UAC Bypass Analysis

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What is it & Why it matters?

That is a User Account Control prompt, home users with an admin account would have seen this prompt at some point in time. For windows sys-admins, there are risks of running malicious payloads that bypass UAC & execute malicious tasks (eg. a ransomware).

At the time of writing, there were 44 bypass methods consolidated into one single test tool from UACme project.

There were “unfix” 15 occurrences on UACme README page. This means there are no fixes for those 15 methods because Microsoft does not consider them as vulnerabilities.

The source codes of these bypass methods are open-sourced & reusing these bypass codes is highly probable. As such, it is worthwhile to understand the differences between legitimate UAC elevation & a bypass.

What to look for?

Look out for:

  1. Process start & end timing of consent.exe, a bypass happens very quickly within the same second (in the order of milliseconds), while a legitimate elevation involving a human user will typically be two (without typing credentials, just click [Yes]) or more seconds apart. Let’s say a user could have cancelled the consent prompt very quickly, then we have to look at the other two aspects.
  2. Cross-process activities (eg. creation of remote threads, changes in rights) between & after the start & end of consent.exe. Bypasses tend to have complex sequences but legit UAC elevations are simpler.
  3. The consequent process that is elevated with higher process integrity level but owned by user (& NOT SYSTEM which is typical of kernel-related exploits). For “living-off-the-land” MO, the elevated process could be various Microsoft signed binaries that load arbitrary DLLs or equivalent, or scripting with CMD, Powershell, C/WScript, MSHTA. For drop-&-execute cases, it could be a executable file with a hash checksum that is first seen (or rare) in the environment.

How?

I ran the UACme test harness (akagi64.exe) on a Virtual Machine installed with Carbon Black Response for this analysis. This is NOT a sponsored post but permission was sought from Carbon Black.

We can observe all these with tools like Procmon, Windows Audit & Sysmon logs but it is a matter of productivity, budget, learning curve (I can’t remember event-IDs), effort to deploy & configure different tools just to connect the dots together. In my case, I had the luxury of using Carbon Black Response which significantly shortened my time to gather these insights.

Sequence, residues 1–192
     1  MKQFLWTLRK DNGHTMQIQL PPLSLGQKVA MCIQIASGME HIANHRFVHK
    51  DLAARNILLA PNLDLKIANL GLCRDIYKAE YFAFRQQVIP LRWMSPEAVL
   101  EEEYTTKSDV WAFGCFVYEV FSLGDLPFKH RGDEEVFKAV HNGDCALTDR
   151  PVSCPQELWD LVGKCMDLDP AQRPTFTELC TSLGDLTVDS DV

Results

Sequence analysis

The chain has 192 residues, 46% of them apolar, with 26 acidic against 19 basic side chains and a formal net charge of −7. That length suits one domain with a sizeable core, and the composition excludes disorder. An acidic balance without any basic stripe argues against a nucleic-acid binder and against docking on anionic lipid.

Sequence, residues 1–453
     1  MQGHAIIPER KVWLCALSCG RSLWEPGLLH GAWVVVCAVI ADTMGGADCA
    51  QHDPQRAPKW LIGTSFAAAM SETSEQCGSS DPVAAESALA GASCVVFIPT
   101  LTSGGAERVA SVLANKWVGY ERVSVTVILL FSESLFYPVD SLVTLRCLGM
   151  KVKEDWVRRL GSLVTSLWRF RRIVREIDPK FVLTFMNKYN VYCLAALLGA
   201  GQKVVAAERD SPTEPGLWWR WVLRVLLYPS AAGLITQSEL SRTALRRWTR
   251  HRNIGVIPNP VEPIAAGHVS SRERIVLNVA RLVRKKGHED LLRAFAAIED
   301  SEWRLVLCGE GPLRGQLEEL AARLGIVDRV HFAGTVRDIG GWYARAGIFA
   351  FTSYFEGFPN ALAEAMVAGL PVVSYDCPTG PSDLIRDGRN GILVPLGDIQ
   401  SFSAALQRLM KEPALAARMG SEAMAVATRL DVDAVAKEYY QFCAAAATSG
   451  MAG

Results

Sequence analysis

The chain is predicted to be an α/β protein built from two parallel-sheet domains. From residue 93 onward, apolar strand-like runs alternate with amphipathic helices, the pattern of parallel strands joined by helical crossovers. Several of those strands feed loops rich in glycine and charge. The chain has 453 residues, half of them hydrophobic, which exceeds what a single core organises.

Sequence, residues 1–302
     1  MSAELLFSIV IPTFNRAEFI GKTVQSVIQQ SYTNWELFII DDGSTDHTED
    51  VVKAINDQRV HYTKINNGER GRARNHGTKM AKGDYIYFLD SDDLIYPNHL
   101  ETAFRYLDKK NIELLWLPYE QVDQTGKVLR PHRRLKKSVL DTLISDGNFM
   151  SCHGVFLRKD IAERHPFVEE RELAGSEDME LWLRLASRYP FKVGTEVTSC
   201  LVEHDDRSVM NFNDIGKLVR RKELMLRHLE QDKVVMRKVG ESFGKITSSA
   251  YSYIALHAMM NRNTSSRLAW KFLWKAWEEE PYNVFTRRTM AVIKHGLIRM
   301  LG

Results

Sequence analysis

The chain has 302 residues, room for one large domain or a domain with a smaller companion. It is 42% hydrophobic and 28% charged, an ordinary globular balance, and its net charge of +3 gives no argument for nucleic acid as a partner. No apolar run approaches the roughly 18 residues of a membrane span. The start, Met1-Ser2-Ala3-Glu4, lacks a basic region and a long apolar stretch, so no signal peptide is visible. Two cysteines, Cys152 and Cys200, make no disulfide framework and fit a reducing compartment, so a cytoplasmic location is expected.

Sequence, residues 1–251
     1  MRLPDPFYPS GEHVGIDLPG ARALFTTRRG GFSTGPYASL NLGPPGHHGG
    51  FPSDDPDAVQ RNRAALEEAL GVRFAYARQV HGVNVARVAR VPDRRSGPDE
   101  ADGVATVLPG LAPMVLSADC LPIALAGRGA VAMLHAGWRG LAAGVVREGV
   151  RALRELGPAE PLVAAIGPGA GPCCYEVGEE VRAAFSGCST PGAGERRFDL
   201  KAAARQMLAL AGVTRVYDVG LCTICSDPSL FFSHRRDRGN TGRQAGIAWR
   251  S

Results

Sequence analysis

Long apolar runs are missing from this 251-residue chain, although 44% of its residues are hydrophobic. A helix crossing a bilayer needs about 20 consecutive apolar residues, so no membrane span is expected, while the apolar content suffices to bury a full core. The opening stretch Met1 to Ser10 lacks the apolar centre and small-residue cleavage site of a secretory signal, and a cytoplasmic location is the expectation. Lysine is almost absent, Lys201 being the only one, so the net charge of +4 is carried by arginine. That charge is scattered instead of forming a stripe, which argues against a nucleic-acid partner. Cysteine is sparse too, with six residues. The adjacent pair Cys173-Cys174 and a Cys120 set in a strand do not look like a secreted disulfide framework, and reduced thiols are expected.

Where to begin?

With the shortage of security folks to keep up with offensive techniques, threat intelligence in the form of vetted queries are useful. Note the source column (cbcommunity, sans & bit9endpointvisibility) of the alerts listed below:

Although we can argue that attackers may not run a stock (unmodified) akagi64.exe, the subsequent alerts gave me good starting points for digging further. We can click on the Source Report links (eg. MSCFile Regmod for UAC bypass) to read & further understand some technical background.

Look for Commonalities…

After running through all the bypass methods & studying the related event time-lines, I noticed two things with the SVCHOST event time-line:

Observation 1 — A number of activities happen between start & end of consent.exe

In this case, the method abuses sdbinst.exe, there are other methods using different Windows system components (typically with manifest that had AutoElevated attribute set to true). Other methods have more complex sequences, like the next one.

Observation 2 — One or more consent.exe process(es) start & end happened within a short span of time

In this case, consent.exe was started twice but notice the time stamps on the left, most of the events happen within the same second, the first 3 rows with 02:25:25 & subsequent 02:25:26.

It’s all about timing…

After running the various bypass methods, it was a matter of a few clicks within Carbon Black Response to review all the consent.exe timings related to UACme executions:

Having seen the timings of bypasses, one will be inclined to ask: how does a legit UAC elevation look like? Let’s look at some common UAC elevation use-cases.

Regedit

First, an elevated Regedit from Windows 10:

This differs from Windows 7 which has explorer.exe as parent process of regedit, but the focus is still on SVCHOST’s timeline:

Notice the timestamps highlighted in the red box; 2 seconds apart. A user (in this case me) will take some time to click the UAC prompt. The sequence is quite straight forward.

Admin CMD Console (Windows client)

How about the Run As Administrator for CMD.exe use-case?

Again, the time difference between process start & end was 2 seconds.

For both cases Regedit and Cmd, the sequence was short & simple, when consent.exe ended, thread injections from SVCHOST to the target processes are observed.

Program Installer

How about running an program installer (with that little shield icon) after UAC elevation?

Just like CMD & Regedit, the process was owned by admin user (q in this case) & not SYSTEM.

Again, SVCHOST injected new thread into setup_timefreeze.exe. Consent started at 05:32:32 & ended at 05:32:34, two seconds apart.

Maybe someone can click [Yes] faster than me but it is unlikely to be in the order of milliseconds. If one has to type in credentials (with fingers), it will take longer than 2 seconds.

Generalised Detection

Over time, more bypass methods will surface but regardless of the system tools & execution sequences involved, the “common denominator” is the very short time span of start & end of consent.exe. This insight will be useful for SIEM content & EDR queries development for automating detection.

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